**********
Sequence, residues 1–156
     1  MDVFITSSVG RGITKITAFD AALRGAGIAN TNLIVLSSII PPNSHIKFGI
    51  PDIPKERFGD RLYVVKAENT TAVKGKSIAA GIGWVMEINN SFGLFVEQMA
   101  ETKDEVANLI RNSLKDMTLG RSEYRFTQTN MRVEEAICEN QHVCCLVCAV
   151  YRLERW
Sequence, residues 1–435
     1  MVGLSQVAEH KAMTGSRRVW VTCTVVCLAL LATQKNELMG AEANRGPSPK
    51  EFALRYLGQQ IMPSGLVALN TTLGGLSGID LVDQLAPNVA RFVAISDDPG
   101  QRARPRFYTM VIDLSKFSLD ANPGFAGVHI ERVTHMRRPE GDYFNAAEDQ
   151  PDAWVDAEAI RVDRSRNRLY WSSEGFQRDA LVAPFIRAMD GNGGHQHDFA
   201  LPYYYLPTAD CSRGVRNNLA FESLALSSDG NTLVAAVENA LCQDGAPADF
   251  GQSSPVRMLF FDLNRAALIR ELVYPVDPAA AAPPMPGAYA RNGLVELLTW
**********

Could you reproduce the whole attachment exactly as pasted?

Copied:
Sequence, residues 1–156
     1  MDVFITSSVG RGITKITAFD AALRGAGIAN TNLIVLSSII PPNSHIKFGI
    51  PDIPKERFGD RLYVVKAENT TAVKGKSIAA GIGWVMEINN SFGLFVEQMA
   101  ETKDEVANLI RNSLKDMTLG RSEYRFTQTN MRVEEAICEN QHVCCLVCAV
   151  YRLERW
Sequence, residues 1–435
     1  MVGLSQVAEH KAMTGSRRVW VTCTVVCLAL LATQKNELMG AEANRGPSPK
    51  EFALRYLGQQ IMPSGLVALN TTLGGLSGID LVDQLAPNVA RFVAISDDPG
   101  QRARPRFYTM VIDLSKFSLD ANPGFAGVHI ERVTHMRRPE GDYFNAAEDQ
   151  PDAWVDAEAI RVDRSRNRLY WSSEGFQRDA LVAPFIRAMD GNGGHQHDFA
   201  LPYYYLPTAD CSRGVRNNLA FESLALSSDG NTLVAAVENA LCQDGAPADF
   251  GQSSPVRMLF FDLNRAALIR ELVYPVDPAA AAPPMPGAYA RNGLVELLTW